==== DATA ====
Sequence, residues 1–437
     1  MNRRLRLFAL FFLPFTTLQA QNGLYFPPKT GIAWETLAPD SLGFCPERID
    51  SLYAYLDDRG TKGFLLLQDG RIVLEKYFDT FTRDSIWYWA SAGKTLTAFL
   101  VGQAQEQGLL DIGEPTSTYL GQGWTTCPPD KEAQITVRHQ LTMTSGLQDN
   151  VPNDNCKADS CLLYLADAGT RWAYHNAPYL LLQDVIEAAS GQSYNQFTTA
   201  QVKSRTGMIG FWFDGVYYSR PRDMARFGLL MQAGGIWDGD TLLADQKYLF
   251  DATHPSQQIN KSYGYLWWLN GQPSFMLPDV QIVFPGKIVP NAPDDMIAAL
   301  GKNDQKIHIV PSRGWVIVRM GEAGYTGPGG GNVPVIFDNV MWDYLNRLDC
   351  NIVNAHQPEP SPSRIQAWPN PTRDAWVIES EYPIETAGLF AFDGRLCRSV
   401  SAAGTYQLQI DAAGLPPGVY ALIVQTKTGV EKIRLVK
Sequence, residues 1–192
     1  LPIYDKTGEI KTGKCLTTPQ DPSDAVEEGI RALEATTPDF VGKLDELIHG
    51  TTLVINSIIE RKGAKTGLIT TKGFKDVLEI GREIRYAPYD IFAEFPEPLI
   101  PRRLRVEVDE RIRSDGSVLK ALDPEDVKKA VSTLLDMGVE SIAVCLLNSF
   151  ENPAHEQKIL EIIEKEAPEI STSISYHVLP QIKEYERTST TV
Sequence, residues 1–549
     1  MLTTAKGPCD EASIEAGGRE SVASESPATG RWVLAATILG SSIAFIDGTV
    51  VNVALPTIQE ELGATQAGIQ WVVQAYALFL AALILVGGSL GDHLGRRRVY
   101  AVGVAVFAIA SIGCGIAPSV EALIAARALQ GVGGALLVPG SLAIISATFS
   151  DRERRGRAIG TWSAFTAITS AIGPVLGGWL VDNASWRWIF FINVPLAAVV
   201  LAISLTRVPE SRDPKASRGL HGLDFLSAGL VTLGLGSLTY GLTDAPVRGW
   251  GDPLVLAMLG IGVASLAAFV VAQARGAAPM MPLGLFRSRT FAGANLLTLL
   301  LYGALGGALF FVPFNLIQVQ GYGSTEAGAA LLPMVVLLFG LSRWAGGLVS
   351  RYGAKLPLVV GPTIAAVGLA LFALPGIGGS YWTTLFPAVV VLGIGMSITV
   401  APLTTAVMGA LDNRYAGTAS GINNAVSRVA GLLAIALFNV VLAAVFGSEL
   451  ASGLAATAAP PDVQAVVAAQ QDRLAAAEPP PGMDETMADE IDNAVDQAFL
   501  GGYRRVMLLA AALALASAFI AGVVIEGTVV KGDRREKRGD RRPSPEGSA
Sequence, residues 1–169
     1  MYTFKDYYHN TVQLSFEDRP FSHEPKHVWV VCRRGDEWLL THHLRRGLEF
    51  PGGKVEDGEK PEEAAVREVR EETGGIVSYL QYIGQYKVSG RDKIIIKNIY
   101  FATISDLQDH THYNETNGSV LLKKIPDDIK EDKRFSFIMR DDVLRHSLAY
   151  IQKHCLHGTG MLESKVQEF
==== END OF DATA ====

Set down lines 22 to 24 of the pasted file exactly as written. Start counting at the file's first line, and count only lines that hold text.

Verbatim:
   251  GDPLVLAMLG IGVASLAAFV VAQARGAAPM MPLGLFRSRT FAGANLLTLL
   301  LYGALGGALF FVPFNLIQVQ GYGSTEAGAA LLPMVVLLFG LSRWAGGLVS
   351  RYGAKLPLVV GPTIAAVGLA LFALPGIGGS YWTTLFPAVV VLGIGMSITV